More Miscellaneous Morsels…

Corporate Research Center, CRC, aerials, Phase 2, Dairy Farm

Luxury apartments for research park. The Virginia Tech Corporate Research Center, which has more than one million square feet of office space, is joining forces with a local real estate developer to add luxury apartments to the mix, reports the Roanoke Times. The company had previously added amenities to play soccer, lacrosse, volleyball, basketball, and disc golf to its work-live-play options.

“What we’re trying to do is create a self-contained community that has all the amenities at your fingertips,” said CRC President Joe Meredith. “The last amenity that we don’t have is housing.”

The Corporate Research Center, in my recollection from visits a decade ago, was a classic suburban office park, the main selling point of which was its proximity to the Virginia Tech campus. It was a pretty sterile place. Integrating apartments into the mix sounds like a good move — indicative of a larger trend in which suburban office parks are busily reinventing themselves as islands of walkable urbanism capable of attracting Millennials and the businesses that want to hire them.

Longwood revising bias reporting protocols. Longwood University has temporarily shut down its bias incident reporting system, reports Campus Reform, and is rewriting protocols to protect freedom of speech. The Foundation for Individual Rights in Education (FIRE) had criticized Longwood for its particularly broad definition of what constituted a “bias” incident.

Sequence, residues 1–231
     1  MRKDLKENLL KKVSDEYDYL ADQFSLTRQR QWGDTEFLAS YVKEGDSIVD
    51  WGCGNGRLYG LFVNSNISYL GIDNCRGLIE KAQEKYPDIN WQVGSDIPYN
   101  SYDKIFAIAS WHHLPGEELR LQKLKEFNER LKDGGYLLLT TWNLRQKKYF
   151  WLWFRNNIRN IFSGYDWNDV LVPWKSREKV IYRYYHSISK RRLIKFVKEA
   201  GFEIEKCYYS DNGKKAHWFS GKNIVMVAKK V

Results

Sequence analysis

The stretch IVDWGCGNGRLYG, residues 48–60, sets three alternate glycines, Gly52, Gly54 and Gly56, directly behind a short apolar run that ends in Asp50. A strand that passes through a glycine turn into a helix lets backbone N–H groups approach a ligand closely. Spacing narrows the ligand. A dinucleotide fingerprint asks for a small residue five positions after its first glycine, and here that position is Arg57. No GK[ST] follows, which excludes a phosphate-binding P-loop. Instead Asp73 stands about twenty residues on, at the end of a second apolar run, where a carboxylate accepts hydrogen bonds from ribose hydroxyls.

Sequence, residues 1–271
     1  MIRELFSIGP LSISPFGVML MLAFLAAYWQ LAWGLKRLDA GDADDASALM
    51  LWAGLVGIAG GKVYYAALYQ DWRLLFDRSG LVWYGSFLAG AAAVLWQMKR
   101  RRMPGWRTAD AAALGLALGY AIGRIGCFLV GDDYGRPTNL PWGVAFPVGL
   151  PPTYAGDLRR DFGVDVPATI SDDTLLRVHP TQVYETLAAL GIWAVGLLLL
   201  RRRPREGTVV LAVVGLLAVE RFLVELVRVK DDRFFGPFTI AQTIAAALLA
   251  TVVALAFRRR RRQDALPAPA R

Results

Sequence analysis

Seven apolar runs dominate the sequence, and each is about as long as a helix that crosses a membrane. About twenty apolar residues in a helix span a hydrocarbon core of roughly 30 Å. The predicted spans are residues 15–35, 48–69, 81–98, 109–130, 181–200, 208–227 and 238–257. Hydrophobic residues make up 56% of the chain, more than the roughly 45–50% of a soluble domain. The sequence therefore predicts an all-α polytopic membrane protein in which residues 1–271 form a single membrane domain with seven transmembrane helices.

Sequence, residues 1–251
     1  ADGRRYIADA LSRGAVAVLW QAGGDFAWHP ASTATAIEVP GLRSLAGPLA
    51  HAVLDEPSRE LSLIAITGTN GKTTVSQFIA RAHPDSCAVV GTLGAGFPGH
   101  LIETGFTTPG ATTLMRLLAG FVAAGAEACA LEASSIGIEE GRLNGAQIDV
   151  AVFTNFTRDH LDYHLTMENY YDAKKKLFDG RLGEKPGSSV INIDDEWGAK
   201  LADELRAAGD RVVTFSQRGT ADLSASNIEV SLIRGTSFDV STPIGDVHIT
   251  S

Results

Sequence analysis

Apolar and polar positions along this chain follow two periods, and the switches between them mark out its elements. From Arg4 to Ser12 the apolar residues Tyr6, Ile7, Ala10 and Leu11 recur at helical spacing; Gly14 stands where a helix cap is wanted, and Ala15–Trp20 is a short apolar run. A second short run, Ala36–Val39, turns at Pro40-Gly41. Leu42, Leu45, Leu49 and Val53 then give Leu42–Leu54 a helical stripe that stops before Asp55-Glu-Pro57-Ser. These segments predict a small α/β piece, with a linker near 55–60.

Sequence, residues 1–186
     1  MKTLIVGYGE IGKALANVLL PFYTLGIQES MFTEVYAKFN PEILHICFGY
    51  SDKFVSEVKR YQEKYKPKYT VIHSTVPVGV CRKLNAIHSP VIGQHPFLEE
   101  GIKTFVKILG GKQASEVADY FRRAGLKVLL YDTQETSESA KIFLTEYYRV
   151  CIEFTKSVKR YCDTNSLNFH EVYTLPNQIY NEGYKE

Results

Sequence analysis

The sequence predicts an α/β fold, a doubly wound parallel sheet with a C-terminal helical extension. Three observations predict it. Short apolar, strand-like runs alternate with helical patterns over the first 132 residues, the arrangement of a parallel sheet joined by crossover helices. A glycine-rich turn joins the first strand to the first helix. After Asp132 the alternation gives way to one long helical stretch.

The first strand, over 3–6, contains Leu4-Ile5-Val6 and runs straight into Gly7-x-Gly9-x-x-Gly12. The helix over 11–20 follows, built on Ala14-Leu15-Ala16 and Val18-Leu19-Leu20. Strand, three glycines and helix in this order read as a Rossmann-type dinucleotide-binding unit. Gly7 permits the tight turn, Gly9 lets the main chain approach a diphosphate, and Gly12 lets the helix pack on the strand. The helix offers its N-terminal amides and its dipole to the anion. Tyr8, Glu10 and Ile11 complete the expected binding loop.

Director of Citizen Leadership and Social Justice Education Jonathan Page conceded that some of the definitions the school had used were problematic, telling the Rotunda that Virginia Assistant Attorney General Cameron O’Brion advised the university to remove the former protocol and provided recommendations for revision in response to [a] student’s complaint.

“A lot [of O’Brion’s recommendations] were based in how we were not only defining bias and hate crimes, they really didn’t fall in line with how the FBI defined hate crimes, that a lot of the things we defined as bias incidents were really freedom of speech issues,” Page explained. “Some of the language that we modeled came from some private institutions and so as a public institution we can’t have the same stance that privates do.”

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